Looking for a place to get your zen on after yoga? Yoga District founder Jasmine Chehrazi is opening District Tea Lodge, a spot for kombucha on draft, kava-kava root cocktails, and teas to aid what ails you.

The teahouse, located on the street level of Yoga District’s location at 1922 I St. NW, is set to open this March. District Tea will offer a rotating selection of about 20 teas, many of which Chehrazi says aren’t available elsewhere in D.C. An in-house herbalist selected the teas, which primarily come from the northwestern United States. Teatenders, like bartenders, will help guests find teas that best suit them. Trouble sleeping? Aches and pains? They will direct you to teas that are supposed to help with that.

District Tea will also serve cocktails with three varieties of kava-kava instead of alcohol. Chehrazi says the western Pacific root has sedative properties that create a “meditative, relaxing” effect and numb the mouth. Each of the kava-kavas offered have varying strengths and tastes. “Just like some people might like one vodka over another, they might like one kava-kava over another,” Chehrazi says. The root will be mixed with juices from pineapple, passionfruit, mango, coconut, and other fruits.

There will also be two taps for kombucha. Capital Kombucha will always be on draft, along with “brews” from different guest kombucha makers.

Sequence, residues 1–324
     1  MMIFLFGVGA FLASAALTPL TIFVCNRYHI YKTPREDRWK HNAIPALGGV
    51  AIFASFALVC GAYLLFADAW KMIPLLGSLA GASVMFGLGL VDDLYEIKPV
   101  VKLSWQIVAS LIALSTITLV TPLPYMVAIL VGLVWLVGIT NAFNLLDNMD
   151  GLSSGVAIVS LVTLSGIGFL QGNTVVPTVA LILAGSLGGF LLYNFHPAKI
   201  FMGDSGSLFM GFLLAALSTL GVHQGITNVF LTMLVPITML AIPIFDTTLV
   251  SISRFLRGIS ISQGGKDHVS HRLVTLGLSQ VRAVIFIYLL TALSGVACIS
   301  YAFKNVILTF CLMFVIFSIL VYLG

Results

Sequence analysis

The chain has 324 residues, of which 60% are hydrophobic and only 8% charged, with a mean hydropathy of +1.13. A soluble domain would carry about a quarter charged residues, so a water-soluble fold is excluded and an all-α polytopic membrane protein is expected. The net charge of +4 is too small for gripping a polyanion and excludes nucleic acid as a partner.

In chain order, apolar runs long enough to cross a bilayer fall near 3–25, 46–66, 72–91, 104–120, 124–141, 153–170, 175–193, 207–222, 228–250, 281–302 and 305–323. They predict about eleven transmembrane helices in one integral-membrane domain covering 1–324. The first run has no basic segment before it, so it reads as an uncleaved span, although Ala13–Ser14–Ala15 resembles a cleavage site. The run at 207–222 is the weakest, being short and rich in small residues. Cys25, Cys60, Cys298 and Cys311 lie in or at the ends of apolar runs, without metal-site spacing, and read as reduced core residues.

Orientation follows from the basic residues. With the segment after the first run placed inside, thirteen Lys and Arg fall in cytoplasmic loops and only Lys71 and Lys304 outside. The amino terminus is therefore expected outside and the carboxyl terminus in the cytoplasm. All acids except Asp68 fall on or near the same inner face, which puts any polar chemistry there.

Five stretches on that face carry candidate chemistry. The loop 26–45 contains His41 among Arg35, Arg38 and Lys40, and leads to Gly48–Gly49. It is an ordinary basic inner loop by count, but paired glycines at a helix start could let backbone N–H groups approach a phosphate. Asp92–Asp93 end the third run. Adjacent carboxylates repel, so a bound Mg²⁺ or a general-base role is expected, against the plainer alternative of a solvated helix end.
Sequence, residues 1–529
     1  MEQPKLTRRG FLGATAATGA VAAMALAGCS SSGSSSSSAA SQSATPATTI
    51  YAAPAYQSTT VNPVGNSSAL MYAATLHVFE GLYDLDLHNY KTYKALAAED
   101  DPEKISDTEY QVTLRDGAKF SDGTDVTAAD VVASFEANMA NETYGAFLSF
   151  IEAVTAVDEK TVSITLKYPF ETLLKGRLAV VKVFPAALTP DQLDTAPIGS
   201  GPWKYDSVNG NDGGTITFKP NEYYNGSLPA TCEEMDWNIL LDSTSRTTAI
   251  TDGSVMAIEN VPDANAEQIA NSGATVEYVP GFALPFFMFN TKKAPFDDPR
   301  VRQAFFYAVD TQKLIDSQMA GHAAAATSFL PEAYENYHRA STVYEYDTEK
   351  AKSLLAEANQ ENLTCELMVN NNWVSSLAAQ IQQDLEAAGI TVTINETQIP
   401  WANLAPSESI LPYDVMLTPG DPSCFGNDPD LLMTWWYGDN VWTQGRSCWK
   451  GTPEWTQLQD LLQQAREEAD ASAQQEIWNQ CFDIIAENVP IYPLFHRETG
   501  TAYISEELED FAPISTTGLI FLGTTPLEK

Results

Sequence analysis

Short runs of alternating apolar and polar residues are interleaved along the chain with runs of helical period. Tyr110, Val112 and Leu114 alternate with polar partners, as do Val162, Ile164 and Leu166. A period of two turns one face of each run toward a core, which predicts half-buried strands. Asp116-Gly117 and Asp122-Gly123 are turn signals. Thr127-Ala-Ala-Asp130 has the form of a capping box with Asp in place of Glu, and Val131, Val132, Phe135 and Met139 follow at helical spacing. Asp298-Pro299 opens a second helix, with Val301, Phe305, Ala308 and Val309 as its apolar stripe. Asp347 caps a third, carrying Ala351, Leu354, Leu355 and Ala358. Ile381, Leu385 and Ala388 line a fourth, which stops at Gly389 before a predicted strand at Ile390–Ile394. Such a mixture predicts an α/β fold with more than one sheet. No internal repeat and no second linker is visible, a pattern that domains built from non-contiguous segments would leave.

Also available: a limited animal-free, gluten-free food menu based on Ayruvedic medicine, a form of ancient Indian medicine which Chehrazi says is all about balancing the body and returning it to its natural constitution. The menu will consist of one-bowl meals with a salad, quinoa, or brown rice component along with a stew. The staple stew will be kitchari, a ginger-heavy porridge that has balancing effects for all types of constitutions and is often used for cleanses, Chehrazi says.

For dessert, District Tea will have raw puddings made out of fruits, vegetables, and chia seeds. The most popular one tested so far contains avocado, banana, chia seeds, and maple. There will also be a coconut-based flan.

Chehrazi is trying to avoid the word “vegan.” “Sometimes people hear the word vegan and they don’t want to touch the food. They think it’s going to taste like cardboard,” she says.

The entire drink and food menu will include pictures of each item. “We’re such a visual society these days, and we really want people to see the texture of the teas. We want them to get to know the product, learn about it, look at it, understand where it comes from and how it might effect them.

The space itself has “homey cabin feel” with natural woods and faux taxidermy, including a rhino head made out of old French newspapers and a ceramic moose with the D.C. flag painted overtop.

Chehrazi wants people to feel comfortable camping out there. “I know there’s a lot of cafes these days that are like, ‘only sit here for 15 minutes and you’re not allowed to use the internet,'” she says. “If that’s what comes to you right now, then that’s what you should do.”

All the profits from District Tea Lodge once it pays off its expenses will go to Chehrazi’s nonprofit Yoga Activist, which brings yoga to under-served communities.

Photo of yoga via Shutterstock